In an earlier passage, Huxley shows the effects of Mond's explanation on one boy, "The Controller's evocation was so vivid that one of the boys . . . turned pale at the mere description and was on the point of being sick" (36).
In reality, the family unit is the core of society. Huxley realizes the importance of the home and family. A home is where people learn to establish communication and relationships. Without a family, a person cannot learn these relationships which are invaluable in dealing with everyday life in society.
In Utopia, any approach toward monogamy is forbidden and long term sexual relationships are discouraged. In the brave new world, it is taught that "everyone belongs to everyone else." Excessive sex with many partners is considered normal and even expected. In a conversation between two of the female characters, Huxley illustrates Utopia's views on monogamy through Fanny Crowne, "I really do think you ought to be careful. It's such horribly bad form to go on and on like this with one man" (40). In Huxley's Utopia, having sex with only one partner is not acceptable.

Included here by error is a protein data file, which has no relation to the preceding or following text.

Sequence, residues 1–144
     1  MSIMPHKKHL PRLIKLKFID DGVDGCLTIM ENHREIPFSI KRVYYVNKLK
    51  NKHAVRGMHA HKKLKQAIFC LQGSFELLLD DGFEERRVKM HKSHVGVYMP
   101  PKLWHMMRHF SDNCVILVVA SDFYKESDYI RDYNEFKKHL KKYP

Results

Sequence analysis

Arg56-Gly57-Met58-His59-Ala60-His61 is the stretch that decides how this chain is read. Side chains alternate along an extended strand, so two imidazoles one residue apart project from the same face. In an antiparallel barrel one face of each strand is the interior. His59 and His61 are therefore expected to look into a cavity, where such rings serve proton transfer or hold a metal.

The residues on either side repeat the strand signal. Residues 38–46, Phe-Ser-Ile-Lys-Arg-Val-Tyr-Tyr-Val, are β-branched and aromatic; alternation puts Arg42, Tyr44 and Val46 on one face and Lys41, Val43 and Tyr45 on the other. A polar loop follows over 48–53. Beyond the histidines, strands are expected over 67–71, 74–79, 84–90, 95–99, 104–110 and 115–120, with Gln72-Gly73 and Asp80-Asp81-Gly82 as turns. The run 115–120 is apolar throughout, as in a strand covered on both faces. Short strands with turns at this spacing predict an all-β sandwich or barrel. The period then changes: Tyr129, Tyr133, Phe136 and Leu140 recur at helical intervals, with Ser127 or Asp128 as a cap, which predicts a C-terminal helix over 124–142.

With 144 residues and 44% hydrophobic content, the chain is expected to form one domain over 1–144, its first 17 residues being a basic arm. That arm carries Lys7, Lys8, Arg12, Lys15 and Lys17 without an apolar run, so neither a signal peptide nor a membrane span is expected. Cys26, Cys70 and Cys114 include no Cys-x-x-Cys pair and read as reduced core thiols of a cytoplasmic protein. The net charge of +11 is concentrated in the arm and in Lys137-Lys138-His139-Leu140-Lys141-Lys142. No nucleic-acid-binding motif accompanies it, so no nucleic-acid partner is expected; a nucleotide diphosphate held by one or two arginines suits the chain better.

Sexual pleasure in this world is greatly degraded. Promiscuity is considered a virtue, unlike actual society where promiscuous women are thought to be trashy and cheap. Children are taught at a young age to be exploratory in their sexual behavior. Children who seem timid and embarrassed about their bodies are taken for psychological testing.
Huxley criticizes the idea of the absence of love in Utopia. In actual society, love is a revered emotion. Our society cannot exist without passion because it is the foundation of all relationships. Unlike Utopia, sexual relationships cannot be degraded because they are the manifestation of love.